This column is about the cuts the government has failed to make. It’s about the profligate, pointless spending that has not been slashed, and the money Osborne could have raised but has instead decided to fritter away. For the sake of argument it accepts his estimate of the amount that will need to be saved. But it will show that over half of it could be found with much less pain.
In astronomy, the habitable zone (HZ) is the distance from a star where an Earth-like planet can maintain liquid water on its surface and potentially therefore Earth-like life. The habitable zone is the intersection of two regions that must both be favorable to life: one within a planetary system, and the other within a galaxy. Planets and moons in these regions are the likeliest candidates to be habitable and thus capable in theory of bearing extraterrestrial life similar to our own.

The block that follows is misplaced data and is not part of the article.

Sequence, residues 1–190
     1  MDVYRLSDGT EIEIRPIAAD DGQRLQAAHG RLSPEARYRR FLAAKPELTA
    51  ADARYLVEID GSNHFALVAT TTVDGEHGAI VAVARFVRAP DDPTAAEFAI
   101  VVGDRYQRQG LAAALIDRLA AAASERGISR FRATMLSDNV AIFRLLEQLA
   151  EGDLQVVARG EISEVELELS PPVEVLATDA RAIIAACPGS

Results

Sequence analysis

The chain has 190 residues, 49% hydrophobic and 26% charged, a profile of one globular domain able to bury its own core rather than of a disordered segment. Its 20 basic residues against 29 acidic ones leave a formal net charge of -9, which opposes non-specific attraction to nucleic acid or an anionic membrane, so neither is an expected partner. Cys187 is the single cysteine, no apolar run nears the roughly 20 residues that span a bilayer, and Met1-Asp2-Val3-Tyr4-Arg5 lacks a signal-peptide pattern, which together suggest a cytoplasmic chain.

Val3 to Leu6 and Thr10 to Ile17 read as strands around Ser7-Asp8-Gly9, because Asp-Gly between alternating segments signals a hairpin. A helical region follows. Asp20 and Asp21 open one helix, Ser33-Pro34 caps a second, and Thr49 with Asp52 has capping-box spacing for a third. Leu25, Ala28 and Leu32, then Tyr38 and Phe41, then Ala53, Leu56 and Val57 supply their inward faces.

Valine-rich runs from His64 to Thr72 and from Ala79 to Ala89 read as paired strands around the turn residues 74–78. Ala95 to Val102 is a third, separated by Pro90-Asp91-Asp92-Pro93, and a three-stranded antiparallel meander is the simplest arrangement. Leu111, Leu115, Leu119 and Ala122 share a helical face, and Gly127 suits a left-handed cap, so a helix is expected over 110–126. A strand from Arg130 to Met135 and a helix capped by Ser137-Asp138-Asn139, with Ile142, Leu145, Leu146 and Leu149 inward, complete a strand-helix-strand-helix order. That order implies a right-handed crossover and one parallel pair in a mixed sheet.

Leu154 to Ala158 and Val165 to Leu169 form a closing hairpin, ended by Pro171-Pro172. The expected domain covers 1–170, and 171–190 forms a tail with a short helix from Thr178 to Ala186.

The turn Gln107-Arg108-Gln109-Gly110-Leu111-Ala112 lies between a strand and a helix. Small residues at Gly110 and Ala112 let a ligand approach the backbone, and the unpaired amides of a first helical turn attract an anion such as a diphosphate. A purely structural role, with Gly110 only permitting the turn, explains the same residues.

Scientists hunting for alien life can relate to Goldilocks.
For many years they looked around the solar system. Mercury and Venus were too hot. Mars and the outer planets were too cold. Only Earth was just right for life, they thought. Our planet has liquid water, a breathable atmosphere, a suitable amount of sunshine. Perfect.
It didn’t have to be that way. If Earth were a little closer to the sun it might be like hot choking Venus; a little farther, like cold arid Mars. Somehow, though, we ended up in just the right place with just the right ingredients for life to flourish. Researchers of the 1970s scratched their heads and said we were in “the Goldilocks Zone.”